This is when I met Nelson and Ivan Symonds and Nick, the bassist; also Sadik Hakim who used to work with Charlie Parker. They were all working downstairs and they would have the American rhythm and blues people come upstairs on the weekends. I started getting other offers to work with Milt Jackson and many others that came to town.

I decided to leave and return to Europe to do another tour with Charles Tolliver in 1977.

It was never hard for me to get gigs anywhere I lived, because the musicians knew I could play, so they were very happy to see me. Most of the time I'd show up and they would put me to work right away.

I went back to Europe because the Europeans were doing much more for me than any American was. I was born and raised in New York, but was never offered any major contract from the recording labels, and I saw other people coming from other states within the USA and they were well supported, so that's when I thought this is enough for me, and I left for Europe and built a whole new life.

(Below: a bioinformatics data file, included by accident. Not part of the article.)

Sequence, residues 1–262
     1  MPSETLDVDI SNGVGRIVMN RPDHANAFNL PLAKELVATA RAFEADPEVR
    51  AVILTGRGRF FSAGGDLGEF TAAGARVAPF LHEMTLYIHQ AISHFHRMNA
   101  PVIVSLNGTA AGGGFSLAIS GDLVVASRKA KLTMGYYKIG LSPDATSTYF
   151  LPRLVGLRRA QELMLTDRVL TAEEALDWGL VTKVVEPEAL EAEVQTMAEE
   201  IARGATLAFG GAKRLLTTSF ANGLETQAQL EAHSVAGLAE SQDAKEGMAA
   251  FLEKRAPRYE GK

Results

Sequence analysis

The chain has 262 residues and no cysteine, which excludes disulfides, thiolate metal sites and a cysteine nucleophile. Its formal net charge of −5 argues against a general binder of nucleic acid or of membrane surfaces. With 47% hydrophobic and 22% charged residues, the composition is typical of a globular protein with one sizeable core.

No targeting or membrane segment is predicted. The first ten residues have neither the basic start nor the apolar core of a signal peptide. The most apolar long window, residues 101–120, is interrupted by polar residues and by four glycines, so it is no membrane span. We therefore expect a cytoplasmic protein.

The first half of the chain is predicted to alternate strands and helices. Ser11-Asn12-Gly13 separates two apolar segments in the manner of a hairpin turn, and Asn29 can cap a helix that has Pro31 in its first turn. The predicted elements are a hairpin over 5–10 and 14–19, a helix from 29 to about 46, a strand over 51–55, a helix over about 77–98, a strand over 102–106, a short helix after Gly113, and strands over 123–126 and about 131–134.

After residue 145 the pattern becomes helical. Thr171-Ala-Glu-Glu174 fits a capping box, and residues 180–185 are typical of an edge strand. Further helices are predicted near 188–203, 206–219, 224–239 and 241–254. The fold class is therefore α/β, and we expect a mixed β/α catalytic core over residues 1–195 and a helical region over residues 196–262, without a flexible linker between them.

AAJ: Was there a general overall mood among the expatriate musical community, happy to be there or resentful?

AQ: Mostly all the guys I ever met living in Europe were very happy to be there. If you were going to be resentful the attitude was that it would be better if you go home and do it there.

AAJ: It seems, in general, that the small European record companies enthusiastically recorded people not generally regarded as "leaders Stateside, yet these smaller labels have contributed to important discographies of artists whose work would otherwise have been buried by time. They also seem to offer a freer rein to artists with regards to repertoire. Many of these recordings are rewarding and well worth hunting down. Did you participate in more recordings while over in Europe?

AlvinAQ: Yes, I did participate in many recordings in Europe which are treasures to many American collectors today. I feel America doesn't support jazz the way the Japanese and Europeans do. I've done DVD recordings with Kenny Drew, Randy Brecker, Bob Berg, Clark Terry, Eddie Lockjaw Davis, Jay McShann, Carrie Smith, George Wein, Wild Bill Davis, just to name several, and many records.

Most documentaries that are made about jazz musicians use as source material European television dates from the past.